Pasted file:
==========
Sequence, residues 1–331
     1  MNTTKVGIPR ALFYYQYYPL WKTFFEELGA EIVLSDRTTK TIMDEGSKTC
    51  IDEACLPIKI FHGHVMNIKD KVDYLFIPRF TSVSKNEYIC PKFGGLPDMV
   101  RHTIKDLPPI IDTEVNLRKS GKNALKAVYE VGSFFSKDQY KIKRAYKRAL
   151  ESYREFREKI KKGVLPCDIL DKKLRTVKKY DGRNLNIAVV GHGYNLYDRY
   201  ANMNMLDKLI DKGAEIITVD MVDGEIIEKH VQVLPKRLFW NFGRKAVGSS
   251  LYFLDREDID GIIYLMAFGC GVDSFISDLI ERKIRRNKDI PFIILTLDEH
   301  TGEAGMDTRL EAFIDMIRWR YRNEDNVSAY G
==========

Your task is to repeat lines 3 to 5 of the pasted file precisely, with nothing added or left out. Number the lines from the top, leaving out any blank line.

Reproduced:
    51  IDEACLPIKI FHGHVMNIKD KVDYLFIPRF TSVSKNEYIC PKFGGLPDMV
   101  RHTIKDLPPI IDTEVNLRKS GKNALKAVYE VGSFFSKDQY KIKRAYKRAL
   151  ESYREFREKI KKGVLPCDIL DKKLRTVKKY DGRNLNIAVV GHGYNLYDRY